Calif. prisons aim to disconnect unwanted calls
The plan has so many prongs in its approach, if one doesn't find a particular device, another one surely will
By Becky Lewis
Tech Beat Magazine
The California Department of Corrections and Rehabilitation (CDCR) has a plan to stop contraband cellphone usage called Operation Disconnect: install airport-style security on the outer perimeter, increase spontaneous searches, train and use more “sniffer” dogs, and use managed access technology to intercept calls. The plan has so many prongs in its approach, if one doesn’t find a particular device, another one surely will.
The number of cellphones confiscated inside California’s correctional system has steadily climbed for years, with more than 15,000 confiscated in 2011 alone, representing a huge increase from the 2,900 confiscated in 2006, according to Tim Vice, CDCR cellphone interdiction manager. Calls made from those phones likely numbered in the hundreds of thousands.
“We’re getting very good at searching, at figuring out how phones are being brought in, so we’re finding more phones,” says Vice, a 2012 alumnus of the Office of Justice Programs’ National Institute of Justice (NIJ) Technology Institute for Corrections. Increased searches and search dogs have accounted for much of the increase so far, but with the implementation of managed access, CDCR expects usage to drop even further.
CDCR launched a managed access pilot project in two facilities in early 2011, using ShawnTech Communications as the provider at no cost to the state. (Managed access allows only authorized phones to make calls. It is not jamming, which blocks all signals. Jamming cellphone signals is illegal in the United States.)
Vice says CDCR had to clear a few legal hurdles, including working with the state legislature to obtain passage of a bill making it a misdemeanor to smuggle cellphones into a correctional facility. (Previously, no law forbade individuals from bringing cellphones into a facility for distribution, even though inmates could not legally have the devices.) The department also needed to work closely with the Federal Communications Commission and various wireless carriers such as AT&T, T-Mobile, Verizon, Metro PCS and Sprint.
“All those pieces had to be put in place before we could get the system out there,” Vice says.
Was all of the hassle worthwhile? In the first 11 days of the pilot project, the managed access systems blocked 24,190 call attempts from 2,593 unauthorized phones. With the population at the two facilities in March 2011 totaling just more than 6,565, that could mean that two of every three inmates had an illegal device.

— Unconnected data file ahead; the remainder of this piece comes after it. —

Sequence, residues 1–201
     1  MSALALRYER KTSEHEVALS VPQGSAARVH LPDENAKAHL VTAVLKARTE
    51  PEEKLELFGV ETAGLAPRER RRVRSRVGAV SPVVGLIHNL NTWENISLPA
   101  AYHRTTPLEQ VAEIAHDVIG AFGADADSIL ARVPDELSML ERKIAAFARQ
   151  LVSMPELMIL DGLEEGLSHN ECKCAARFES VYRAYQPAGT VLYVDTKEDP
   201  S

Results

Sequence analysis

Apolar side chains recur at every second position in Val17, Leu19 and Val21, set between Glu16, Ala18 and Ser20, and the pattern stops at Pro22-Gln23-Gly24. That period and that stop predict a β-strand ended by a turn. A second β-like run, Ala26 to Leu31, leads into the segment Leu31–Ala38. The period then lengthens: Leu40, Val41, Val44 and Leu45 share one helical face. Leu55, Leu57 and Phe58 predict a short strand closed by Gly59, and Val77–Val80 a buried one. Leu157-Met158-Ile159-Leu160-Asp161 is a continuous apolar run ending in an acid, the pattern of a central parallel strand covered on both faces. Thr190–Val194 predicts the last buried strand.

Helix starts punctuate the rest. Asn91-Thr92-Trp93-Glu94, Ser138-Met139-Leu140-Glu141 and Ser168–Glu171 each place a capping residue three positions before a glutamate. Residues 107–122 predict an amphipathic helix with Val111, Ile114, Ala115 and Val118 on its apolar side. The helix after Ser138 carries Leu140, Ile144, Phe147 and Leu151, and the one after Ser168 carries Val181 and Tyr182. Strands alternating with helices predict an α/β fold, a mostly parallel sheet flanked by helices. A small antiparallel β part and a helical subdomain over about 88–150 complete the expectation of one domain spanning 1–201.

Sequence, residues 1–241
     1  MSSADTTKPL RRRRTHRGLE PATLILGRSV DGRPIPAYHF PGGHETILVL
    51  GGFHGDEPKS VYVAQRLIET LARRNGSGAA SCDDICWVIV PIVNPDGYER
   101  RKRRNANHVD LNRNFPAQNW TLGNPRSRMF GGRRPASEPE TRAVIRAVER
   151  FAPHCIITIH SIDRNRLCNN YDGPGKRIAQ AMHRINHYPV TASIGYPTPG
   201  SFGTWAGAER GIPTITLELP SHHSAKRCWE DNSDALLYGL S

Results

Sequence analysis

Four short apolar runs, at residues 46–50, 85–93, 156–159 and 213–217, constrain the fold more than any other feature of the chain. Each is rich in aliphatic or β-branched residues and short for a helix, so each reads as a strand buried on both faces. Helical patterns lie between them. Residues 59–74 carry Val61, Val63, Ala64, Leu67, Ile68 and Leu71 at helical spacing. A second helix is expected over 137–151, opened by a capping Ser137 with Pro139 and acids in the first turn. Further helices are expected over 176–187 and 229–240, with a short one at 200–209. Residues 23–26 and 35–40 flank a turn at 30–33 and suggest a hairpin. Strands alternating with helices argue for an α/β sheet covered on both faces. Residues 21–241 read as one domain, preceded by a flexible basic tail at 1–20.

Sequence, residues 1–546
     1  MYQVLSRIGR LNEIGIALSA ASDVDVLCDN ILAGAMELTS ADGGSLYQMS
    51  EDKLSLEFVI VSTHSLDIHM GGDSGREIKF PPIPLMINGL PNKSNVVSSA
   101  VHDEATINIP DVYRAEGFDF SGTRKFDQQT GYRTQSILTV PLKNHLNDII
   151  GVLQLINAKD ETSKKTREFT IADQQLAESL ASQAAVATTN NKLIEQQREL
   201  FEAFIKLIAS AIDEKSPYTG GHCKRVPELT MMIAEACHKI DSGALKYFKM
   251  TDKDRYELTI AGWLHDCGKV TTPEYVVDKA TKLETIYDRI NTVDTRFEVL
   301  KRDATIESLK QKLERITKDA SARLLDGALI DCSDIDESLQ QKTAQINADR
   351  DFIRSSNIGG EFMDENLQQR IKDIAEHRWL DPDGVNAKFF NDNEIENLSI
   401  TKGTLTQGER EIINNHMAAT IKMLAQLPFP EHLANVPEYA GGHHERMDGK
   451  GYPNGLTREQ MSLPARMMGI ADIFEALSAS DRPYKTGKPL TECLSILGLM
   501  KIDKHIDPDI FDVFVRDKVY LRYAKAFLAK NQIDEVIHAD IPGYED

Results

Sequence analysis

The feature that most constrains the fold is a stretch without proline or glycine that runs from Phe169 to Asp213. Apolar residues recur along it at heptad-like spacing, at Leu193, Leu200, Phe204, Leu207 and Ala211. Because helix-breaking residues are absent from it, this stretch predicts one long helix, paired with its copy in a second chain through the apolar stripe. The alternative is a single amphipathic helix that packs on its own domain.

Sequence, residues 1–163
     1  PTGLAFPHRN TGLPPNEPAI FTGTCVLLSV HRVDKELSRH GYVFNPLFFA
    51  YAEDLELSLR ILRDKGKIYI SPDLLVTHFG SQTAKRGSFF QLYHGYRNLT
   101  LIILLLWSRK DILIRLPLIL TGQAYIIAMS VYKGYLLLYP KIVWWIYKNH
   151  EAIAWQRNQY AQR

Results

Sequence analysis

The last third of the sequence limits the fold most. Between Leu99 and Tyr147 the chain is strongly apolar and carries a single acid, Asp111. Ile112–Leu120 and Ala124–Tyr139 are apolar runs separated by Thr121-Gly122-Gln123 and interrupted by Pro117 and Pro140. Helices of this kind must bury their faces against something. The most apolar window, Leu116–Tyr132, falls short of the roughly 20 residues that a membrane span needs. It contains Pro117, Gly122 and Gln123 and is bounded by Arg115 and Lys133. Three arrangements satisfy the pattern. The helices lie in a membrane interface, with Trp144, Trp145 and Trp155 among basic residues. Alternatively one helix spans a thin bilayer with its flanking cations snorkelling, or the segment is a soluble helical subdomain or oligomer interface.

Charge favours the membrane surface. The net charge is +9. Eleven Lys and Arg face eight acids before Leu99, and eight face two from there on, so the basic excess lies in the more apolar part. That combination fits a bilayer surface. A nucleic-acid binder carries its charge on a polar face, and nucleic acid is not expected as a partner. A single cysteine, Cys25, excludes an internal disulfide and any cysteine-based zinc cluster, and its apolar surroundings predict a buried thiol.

“This shows we have a huge problem out there,” Vice says. “We don’t consider this the magic bullet. It is part of CDCR’s multilayer security strategy. It doesn’t locate the actual devices, and they can still use the memory cards in the phones to transfer information even though they’ve been stopped from calling, texting and accessing the Internet. However, the value of a phone goes down greatly if you can’t get outside access, and that makes smuggling them into the institution less attractive.”
Following the successful pilot project, CDCR moved forward with a competitive procurement to implement managed access throughout the state. The contract was awarded to GTEL in April 2012. GTEL receives the fees that inmates pay for landline usage, and in turn, will build a managed access “umbrella” at each facility.
Since landline use went up by 64.8 percent during the pilot project, Vice says the contractor should see a revenue stream increase, and this supports the concept that inmate ward telephone systems contracts can support the installation of managed access. As of the end of 2012, permanent managed access had been deployed at the CDCR prison in Avenal for design and engineering validation, with phased deployment to CDCR’s other prisons to continue throughout 2013.
“Advocacy groups argue that inmates primarily use the phones to stay in touch with family and loved ones, but CDCR documented more than 199 harassment calls to victims outside the system in 2011,” Vice says.
And the fact that this problem is not unique to CDCR is borne out by the attendance at a CDCR-sponsored event, the 2011 National Public Safety Technology Conference: Coping with Contraband Cellphones in Correctional Settings and Navigating the Narrowbanding Mandate, held on March 10, 2011. The conference brought together regional and national experts in the fields of contraband cellphones and narrowbanding to demonstrate and discuss various interdiction methods, including managed access and K9 programs. Vice says that approximately 250 persons attended in person, and more than 750 others participated via Internet access, all of them eager to share ways to manage this growing problem.
For more information on Operation Disconnect, contact Tim Vice at (916) 255-2221 or Tim.Vice@cdcr.ca.gov. For more information on the NIJ Technology Institutes for Corrections, contact NIJ Corrections Program Manager Jack Harne at (202) 616-2911 or firstname.lastname@example.org.